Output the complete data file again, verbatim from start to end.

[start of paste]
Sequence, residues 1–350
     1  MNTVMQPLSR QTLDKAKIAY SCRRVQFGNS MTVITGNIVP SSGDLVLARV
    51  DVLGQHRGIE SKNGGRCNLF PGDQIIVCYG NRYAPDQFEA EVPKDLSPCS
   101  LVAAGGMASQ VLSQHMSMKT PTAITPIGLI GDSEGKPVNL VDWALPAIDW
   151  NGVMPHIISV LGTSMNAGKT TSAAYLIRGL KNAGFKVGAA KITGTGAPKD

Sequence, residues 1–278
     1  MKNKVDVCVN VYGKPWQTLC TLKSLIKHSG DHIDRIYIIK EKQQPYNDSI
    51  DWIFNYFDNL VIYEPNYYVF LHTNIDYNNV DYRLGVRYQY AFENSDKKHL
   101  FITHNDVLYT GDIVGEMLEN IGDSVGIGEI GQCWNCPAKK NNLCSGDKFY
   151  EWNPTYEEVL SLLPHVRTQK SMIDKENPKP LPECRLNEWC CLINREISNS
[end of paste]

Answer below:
Sequence, residues 1–350
     1  MNTVMQPLSR QTLDKAKIAY SCRRVQFGNS MTVITGNIVP SSGDLVLARV
    51  DVLGQHRGIE SKNGGRCNLF PGDQIIVCYG NRYAPDQFEA EVPKDLSPCS
   101  LVAAGGMASQ VLSQHMSMKT PTAITPIGLI GDSEGKPVNL VDWALPAIDW
   151  NGVMPHIISV LGTSMNAGKT TSAAYLIRGL KNAGFKVGAA KITGTGAPKD

Sequence, residues 1–278
     1  MKNKVDVCVN VYGKPWQTLC TLKSLIKHSG DHIDRIYIIK EKQQPYNDSI
    51  DWIFNYFDNL VIYEPNYYVF LHTNIDYNNV DYRLGVRYQY AFENSDKKHL
   101  FITHNDVLYT GDIVGEMLEN IGDSVGIGEI GQCWNCPAKK NNLCSGDKFY
   151  EWNPTYEEVL SLLPHVRTQK SMIDKENPKP LPECRLNEWC CLINREISNS